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Jupyter notebooks for digital humanities

En: Jupyter notebooks are useful for organizing and documenting code, and embedding code within scholarly arguments and/or pedagogical materials. The following list of notebooks for digital humanities purposes was sourced from Twitter in June 2019, but PRs with suggested additions are welcome! If you only want notebooks in English, search for "en".

De: Jupyter-Notizbücher eignen sich zum Organisieren und Dokumentieren von Code und zum Einbetten von Code in wissenschaftliche Argumente und / oder pädagogische Materialien. Die folgende Liste von Notizbüchern für die Digital Humanities wurde im Juni 2019 von Twitter bezogen, PRs mit Ergänzungsvorschlägen sind jedoch willkommen! Wenn Sie Notizbücher nur in Deutsch möchten, suchen Sie nach der Abkürzung "de".

Es: Los cuadernos Jupyter son útiles para organizar y documentar códigos, e incorporar códigos dentro de argumentos académicos y / o materiales pedagógicos. La siguiente lista de cuadernos para fines de humanidades digitales se obtuvo de Twitter en junio de 2019, ¡pero los RP con sugerencias de adiciones son bienvenidos! Si quieres cuadernos en español, busca en esta página por "es".

Fr: Les cahiers Jupyter sont utiles pour organiser et documenter le code, et pour incorporer du code dans des arguments scientifiques et / ou du matériel pédagogique. La liste suivante de cahiers à des fins de sciences humaines numériques a été extraite de Twitter en juin 2019, mais les PR avec les ajouts suggérés sont les bienvenus! Si vous voulez des cahiers en français, cherchez sur cette page l'abréviation "fr".

Research & projects

Course materials

  • (en/Python) Applied Data Analysis as taught at DHOxSS 2019: covers tidying data, visualization, modeling, and advanced applications of data analysis. By Giovanni Colavizza and Matteo Romanello. On Binder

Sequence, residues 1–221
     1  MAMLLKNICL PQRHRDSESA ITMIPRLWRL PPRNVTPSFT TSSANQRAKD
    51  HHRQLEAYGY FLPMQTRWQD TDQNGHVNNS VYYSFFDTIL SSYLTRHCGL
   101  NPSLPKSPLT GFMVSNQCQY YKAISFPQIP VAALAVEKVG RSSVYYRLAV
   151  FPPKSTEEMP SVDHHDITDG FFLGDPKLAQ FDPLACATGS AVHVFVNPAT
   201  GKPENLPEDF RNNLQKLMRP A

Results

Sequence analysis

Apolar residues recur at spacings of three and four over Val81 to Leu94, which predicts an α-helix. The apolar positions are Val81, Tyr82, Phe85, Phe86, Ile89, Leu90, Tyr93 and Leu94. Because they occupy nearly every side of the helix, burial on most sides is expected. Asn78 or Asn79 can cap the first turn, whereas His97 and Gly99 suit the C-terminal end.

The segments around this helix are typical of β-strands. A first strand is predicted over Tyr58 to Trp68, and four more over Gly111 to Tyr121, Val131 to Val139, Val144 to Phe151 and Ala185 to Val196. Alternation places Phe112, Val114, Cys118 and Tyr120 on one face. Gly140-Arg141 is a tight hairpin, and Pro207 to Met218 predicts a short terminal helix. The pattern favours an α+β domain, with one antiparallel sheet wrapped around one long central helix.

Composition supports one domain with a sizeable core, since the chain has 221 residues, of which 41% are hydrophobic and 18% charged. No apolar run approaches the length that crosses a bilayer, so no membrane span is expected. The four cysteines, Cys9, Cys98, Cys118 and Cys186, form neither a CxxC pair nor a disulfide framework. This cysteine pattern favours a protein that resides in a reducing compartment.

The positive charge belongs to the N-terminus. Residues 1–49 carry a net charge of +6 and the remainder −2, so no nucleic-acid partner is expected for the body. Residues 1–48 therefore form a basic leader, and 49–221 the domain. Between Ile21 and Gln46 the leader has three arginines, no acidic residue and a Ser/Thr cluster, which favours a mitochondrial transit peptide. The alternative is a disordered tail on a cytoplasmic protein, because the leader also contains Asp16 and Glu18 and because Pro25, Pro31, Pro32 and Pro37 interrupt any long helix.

• (en/Python) Applied Natural Language Processing course at UC Berkeley: covers impact of tokenization choices on sentiment classification, distinctive terms using different methods, text classification, hyperparameter choices for classification accuracy, hypothesis testing, word embeddings, CNN and LTSM, social networks in literary texts, and more. By David Bamman.
  • (en/Python) Becoming a Historian course at UC Berkeley: notebook with introduction to Python using AHA job posting data, by Chris Hench.
  • (en/Python) Chinatown and the Culture of Exclusion course at UC Berkeley: using demographic data from the 20th-21st century, this module has students analyzing how a specific Chinatown, such as SF Chinatown, has changed over time. Students use some simple computational text analysis methods to explore and compare the structures of poems written on Angel Island and in Chinatown publications from the early 20th century. By Michaela Palmer, Maya Shen, Cynthia Leu, Chris Cheung, course taught by Amy Lee.